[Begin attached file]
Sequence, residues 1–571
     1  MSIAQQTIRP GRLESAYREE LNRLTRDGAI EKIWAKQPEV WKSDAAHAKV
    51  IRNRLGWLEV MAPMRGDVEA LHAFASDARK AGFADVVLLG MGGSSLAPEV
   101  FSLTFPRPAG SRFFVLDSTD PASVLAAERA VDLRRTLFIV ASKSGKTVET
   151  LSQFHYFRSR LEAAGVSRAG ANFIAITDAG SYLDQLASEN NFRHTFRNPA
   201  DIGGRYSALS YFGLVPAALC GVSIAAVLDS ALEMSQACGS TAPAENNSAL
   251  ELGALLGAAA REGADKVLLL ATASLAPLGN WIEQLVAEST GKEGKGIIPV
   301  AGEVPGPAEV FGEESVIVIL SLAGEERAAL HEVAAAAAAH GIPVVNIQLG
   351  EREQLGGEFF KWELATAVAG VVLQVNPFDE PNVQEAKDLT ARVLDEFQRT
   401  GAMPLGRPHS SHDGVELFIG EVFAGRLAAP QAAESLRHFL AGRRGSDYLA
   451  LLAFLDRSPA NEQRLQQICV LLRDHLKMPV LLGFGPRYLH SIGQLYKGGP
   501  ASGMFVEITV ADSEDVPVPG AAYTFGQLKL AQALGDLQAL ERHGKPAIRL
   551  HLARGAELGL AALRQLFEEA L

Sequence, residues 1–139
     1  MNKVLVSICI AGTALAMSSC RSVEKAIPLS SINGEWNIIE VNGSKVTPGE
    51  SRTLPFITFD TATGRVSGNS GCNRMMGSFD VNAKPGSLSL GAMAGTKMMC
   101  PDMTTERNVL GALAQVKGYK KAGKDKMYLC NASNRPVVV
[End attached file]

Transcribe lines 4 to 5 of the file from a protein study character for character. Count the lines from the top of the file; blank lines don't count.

   101  FSLTFPRPAG SRFFVLDSTD PASVLAAERA VDLRRTLFIV ASKSGKTVET
   151  LSQFHYFRSR LEAAGVSRAG ANFIAITDAG SYLDQLASEN NFRHTFRNPA